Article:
2020 is turning out to be the dawning of the Age of Isolation. Musicians who perform and teach are having a tough time. Music is traditionally a social activity, but the community of players, students and audiences has been shattered, maybe irreparably. Musicians have responded by exploring alternative ways to communicate with each other and to reach out using technology, particularly the internet.
Watching this movement develop has been of great personal interest. The reason is that, though I can’t possibly claim to have seen the pandemic coming, I seem to have been preparing over many years for a world in which making music can’t rely on groups, venues, gigs and audiences. Jazz is a niche interest at best. If you live in a city or region with a population of, say, a million, and if only 0.1% are interested in the music, well that’s a potential audience of 1000. On the other hand if, like me, you lived most of your life where people are numbered in a few thousand, that’s maybe 10 or 20 individuals who might want to hear what you play, and even fewer who are themselves musicians who might want to play with you.
I used computers in the day job, from the era of mainframes and Hollerith cards, through self-built microcomputers and machine language programming of floating-point arithmetic (nearly killed me) to the earliest consumer desktops. So when I got my first digital piano, I was keen to investigate the possibilities of getting it to talk to the computer, which meant then (and to a large extent still means) MIDI. I believe that, with the help of my digitally literate son Ben, I might have been quite an early adopter of sequencing, initially using Voyetra software (that dates this story), then switching to Cakewalk, which I’ve stuck with ever since through all its updates up to and including today’s Cakewalk Platinum. Pianos, computers, interfaces, sound modules and all manner of audio hardware and software items have come and gone since the early days and now I have a nice studio with most of the toys I need.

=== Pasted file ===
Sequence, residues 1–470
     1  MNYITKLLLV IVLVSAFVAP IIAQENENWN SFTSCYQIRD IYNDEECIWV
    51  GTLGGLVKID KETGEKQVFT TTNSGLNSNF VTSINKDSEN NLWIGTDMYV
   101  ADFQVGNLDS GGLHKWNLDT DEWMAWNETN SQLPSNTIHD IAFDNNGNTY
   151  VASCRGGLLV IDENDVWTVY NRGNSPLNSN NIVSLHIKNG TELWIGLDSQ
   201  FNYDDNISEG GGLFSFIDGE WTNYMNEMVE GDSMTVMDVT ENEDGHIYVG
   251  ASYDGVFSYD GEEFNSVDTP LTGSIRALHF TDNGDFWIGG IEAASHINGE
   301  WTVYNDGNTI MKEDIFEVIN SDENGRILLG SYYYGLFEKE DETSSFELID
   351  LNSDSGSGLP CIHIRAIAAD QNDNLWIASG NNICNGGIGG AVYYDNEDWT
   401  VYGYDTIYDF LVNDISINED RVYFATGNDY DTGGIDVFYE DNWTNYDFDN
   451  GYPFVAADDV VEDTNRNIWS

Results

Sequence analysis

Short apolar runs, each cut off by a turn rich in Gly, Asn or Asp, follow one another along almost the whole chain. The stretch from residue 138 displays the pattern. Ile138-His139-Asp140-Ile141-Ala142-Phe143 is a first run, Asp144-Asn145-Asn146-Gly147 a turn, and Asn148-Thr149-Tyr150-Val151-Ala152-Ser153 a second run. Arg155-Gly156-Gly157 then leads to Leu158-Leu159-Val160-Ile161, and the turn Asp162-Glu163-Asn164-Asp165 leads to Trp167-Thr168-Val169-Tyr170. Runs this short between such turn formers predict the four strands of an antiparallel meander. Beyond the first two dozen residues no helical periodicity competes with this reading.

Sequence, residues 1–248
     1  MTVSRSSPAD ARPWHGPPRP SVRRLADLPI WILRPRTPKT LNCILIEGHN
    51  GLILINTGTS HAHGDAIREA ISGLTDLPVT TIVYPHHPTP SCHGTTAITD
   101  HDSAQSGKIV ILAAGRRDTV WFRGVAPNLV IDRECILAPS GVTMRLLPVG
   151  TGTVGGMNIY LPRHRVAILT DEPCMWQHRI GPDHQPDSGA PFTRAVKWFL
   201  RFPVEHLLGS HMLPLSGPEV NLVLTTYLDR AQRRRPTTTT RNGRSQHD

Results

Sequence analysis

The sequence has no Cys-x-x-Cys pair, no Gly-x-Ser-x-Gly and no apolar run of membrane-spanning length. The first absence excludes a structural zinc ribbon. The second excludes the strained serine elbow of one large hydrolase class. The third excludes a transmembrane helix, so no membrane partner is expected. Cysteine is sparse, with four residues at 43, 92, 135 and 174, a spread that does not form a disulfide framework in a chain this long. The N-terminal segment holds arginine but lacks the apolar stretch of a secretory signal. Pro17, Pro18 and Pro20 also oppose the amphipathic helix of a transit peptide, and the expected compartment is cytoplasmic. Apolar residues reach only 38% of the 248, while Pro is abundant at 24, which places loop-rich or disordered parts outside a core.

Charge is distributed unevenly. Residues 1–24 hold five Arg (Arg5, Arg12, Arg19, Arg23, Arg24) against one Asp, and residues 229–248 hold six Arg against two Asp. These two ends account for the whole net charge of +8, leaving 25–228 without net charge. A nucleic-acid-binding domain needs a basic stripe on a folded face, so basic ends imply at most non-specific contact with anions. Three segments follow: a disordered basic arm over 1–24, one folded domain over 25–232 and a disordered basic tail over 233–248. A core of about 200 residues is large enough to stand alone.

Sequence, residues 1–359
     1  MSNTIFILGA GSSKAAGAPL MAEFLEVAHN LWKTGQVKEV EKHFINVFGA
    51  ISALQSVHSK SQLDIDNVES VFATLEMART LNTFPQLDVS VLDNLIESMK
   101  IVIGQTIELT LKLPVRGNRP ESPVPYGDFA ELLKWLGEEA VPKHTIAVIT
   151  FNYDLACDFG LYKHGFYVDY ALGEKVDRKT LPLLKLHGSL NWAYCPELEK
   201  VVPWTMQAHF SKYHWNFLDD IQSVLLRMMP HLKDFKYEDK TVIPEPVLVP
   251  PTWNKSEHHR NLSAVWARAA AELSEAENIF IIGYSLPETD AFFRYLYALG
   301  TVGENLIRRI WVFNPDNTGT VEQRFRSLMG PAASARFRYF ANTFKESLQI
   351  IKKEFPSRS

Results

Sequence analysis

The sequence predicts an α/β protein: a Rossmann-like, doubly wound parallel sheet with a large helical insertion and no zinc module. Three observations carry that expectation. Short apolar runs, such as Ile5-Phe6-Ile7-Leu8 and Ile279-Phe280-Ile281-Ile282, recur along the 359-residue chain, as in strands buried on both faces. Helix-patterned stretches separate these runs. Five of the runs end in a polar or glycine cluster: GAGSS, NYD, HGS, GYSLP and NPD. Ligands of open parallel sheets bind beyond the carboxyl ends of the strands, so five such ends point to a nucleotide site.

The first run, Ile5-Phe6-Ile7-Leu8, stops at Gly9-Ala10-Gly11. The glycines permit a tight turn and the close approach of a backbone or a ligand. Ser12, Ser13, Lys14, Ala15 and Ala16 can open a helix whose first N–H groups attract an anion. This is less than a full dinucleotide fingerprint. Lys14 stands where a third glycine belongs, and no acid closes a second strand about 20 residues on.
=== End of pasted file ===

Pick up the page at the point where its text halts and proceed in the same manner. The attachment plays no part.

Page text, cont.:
Almost from the start of my computer music adventures I was motivated to become as self-sufficient as possible. Not only were the opportunities to make music with and for others too meagre where I lived, I’ve always had very uneasy and sometimes catastrophic relations with band members. I expect this says a lot about my personality defects and also my eccentric musical tastes: I’m just not a People Person. Being able to make noises on my own without having to bother with the human interaction stuff suits me fine. I must admit, however, that some of my best and most rewarding experiences have been working one-to-one with singers (though even then there have been a few unhappy endings). All in all, I’m fortunate in having the temperament and the tools to manage the present period of corona quarantine comfortably enough.
There’s a bigger story here, though. The era of digital music has coincided with revolutionary changes in the way scientific research (day job) is conducted. The classic research cycle is observe>hypothesise>test>revise or reject. Most beautiful hypotheses are murdered by ugly facts. If you’re lucky, your hypothesis might survive long enough to become a theory. And the very few theories that stand the merciless test of time might even go on to become laws. But in the modern era of Big Data, hyperfast high-capacity computing and all-powerful algorithms, a new paradigm has emerged – science without hypotheses. Or perhaps, more accurately, science in which the essentially creative and imaginative human contribution of generating hypotheses has become an emergent property of information and data-processing complexity. Well, this isn’t the place to discuss this further, but such a trend has much to say about the gathering crisis affecting music creation in the digital era.